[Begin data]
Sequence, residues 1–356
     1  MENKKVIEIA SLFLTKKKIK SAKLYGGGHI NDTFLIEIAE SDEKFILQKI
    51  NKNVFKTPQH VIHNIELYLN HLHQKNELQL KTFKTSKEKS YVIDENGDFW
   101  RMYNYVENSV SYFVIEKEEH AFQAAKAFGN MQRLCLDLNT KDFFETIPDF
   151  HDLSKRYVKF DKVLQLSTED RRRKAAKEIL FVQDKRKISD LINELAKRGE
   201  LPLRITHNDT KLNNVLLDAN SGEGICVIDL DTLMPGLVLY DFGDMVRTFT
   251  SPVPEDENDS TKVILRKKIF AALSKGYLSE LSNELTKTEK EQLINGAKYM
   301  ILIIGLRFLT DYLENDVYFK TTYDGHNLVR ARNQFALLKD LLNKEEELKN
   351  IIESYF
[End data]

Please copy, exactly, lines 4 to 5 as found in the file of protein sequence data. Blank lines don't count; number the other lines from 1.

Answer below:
   101  RMYNYVENSV SYFVIEKEEH AFQAAKAFGN MQRLCLDLNT KDFFETIPDF
   151  HDLSKRYVKF DKVLQLSTED RRRKAAKEIL FVQDKRKISD LINELAKRGE